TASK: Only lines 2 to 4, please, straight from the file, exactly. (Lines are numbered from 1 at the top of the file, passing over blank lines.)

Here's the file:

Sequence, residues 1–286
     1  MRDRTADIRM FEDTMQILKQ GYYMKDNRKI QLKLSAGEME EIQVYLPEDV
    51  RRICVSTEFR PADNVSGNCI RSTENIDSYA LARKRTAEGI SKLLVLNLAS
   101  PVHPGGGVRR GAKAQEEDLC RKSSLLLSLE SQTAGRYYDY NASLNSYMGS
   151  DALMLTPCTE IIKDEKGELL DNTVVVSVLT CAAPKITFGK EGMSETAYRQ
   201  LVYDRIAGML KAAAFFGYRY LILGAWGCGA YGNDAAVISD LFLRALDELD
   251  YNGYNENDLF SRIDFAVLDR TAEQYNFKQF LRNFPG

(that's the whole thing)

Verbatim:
     1  MRDRTADIRM FEDTMQILKQ GYYMKDNRKI QLKLSAGEME EIQVYLPEDV
    51  RRICVSTEFR PADNVSGNCI RSTENIDSYA LARKRTAEGI SKLLVLNLAS
   101  PVHPGGGVRR GAKAQEEDLC RKSSLLLSLE SQTAGRYYDY NASLNSYMGS